This 14th of November marks World Diabetes Day. Most of us are familiar with diabetes – you likely know someone who has been affected by it.

This is not surprising as in New Zealand, over 240,000 people have diabetes – mostly Type 2. It is estimated that another 100,000 people have it but don't yet know it or haven't been diagnosed.

What is Diabetes?

Diabetes is a condition in which the body cannot properly metabolise sugar and carbohydrates due to impaired production or response to the hormone insulin.

There are two main types of diabetes. Type 1 is when the body doesn't produce enough insulin to begin with. In Type 2 Diabetes, the cells don't respond properly to insulin – they have become "insulin resistant". While Type 2 does have a genetic link, is thought to be triggered by epigenetic (environmental) factors such as diet and lifestyle.

A Holistic Approach to a Complex Condition

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Diabetes is a condition that absolutely needs to be managed holistically – through diet, movement, and support. I believe that plant medicine also has an important role to play, especially in Type 2 Diabetes. If you have diabetes and wish to incorporate natural blood sugar management through plant medicine, it is very important that you work closely with a registered medical herbalist and your healthcare practitioner.

Plant medicine has been used to help manage and treat diabetes long before we had synthetic drugs to help. In fact, one of the most commonly used diabetes medications, Metformin, was synthesised based on the plant Goat's Rue (Galega officinalis), due to its effectiveness.

There are several other plant medicines which have both a long history of successful use in diabetes management, as well as recent research to help us understand why they work so well.

Yerba mate (Ilex paraguariensis) has been shown in clinical trials to have significant effects on blood sugar levels in both diabetic and pre-diabetic groups, as well as improving LDL ("bad") cholesterol levels. The active constituents of Yerba mate are water soluble and this effect happened with just three cups of medicinal-grade tea each day over a two month period.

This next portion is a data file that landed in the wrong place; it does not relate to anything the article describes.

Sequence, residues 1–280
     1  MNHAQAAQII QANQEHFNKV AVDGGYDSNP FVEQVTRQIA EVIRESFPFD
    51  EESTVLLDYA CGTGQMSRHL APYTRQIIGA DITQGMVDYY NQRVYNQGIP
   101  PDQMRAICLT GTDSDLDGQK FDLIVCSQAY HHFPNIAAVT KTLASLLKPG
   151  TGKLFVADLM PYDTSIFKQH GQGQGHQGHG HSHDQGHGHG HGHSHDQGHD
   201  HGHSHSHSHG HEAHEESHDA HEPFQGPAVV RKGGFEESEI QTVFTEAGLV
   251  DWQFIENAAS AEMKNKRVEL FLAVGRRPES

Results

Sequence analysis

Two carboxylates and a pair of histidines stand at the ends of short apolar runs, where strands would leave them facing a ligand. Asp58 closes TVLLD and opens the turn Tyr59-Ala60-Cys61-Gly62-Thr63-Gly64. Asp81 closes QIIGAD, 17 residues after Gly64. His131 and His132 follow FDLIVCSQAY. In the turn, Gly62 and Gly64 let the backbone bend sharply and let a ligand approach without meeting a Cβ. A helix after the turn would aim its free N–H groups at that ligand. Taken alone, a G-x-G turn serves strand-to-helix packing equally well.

Recent research into Nettle (Urtica dioica) has highlighted this medicinal plants' traditional role in insulin resistance, metabolic syndrome, and Type 2 diabetes. Studies have shown that this plant, which is also high in vitamins and minerals, works in a number of different ways to support healthy blood sugars when taken as a medicinal tea. It has been shown to improve insulin secretion as well as improved cell response to insulin. It has even been used alongside insulin in Type 2 Diabetic patients, and was shown to improve glycaemic control in this group.

Cinnamon (Cinnamomum zeylanicum) is a plant medicine which we are all familiar with – and it also has been shown to have a beneficial effect on blood sugar levels and diabetes. A 2013 systematic review and meta-analysis done by Allen et al. concluded that "the consumption of cinnamon is associated with a statistically significant decrease in levels of fasting plasma glucose, total cholesterol, LDL-C, and triglyceride levels, and an increase in HDL-C levels."

It is important to note that cinnamon which you buy at the supermarket is not medicinal grade and is often a cheaper variety called Cassia, which does not have the same medicinal benefits. Diabetes is a complex condition which requires a holistic approach and likely the support of several healthcare practitioners.

If you suspect that you could have diabetes, or need extra help managing your condition, contact a registered medical herbalist or see your leading health care professional.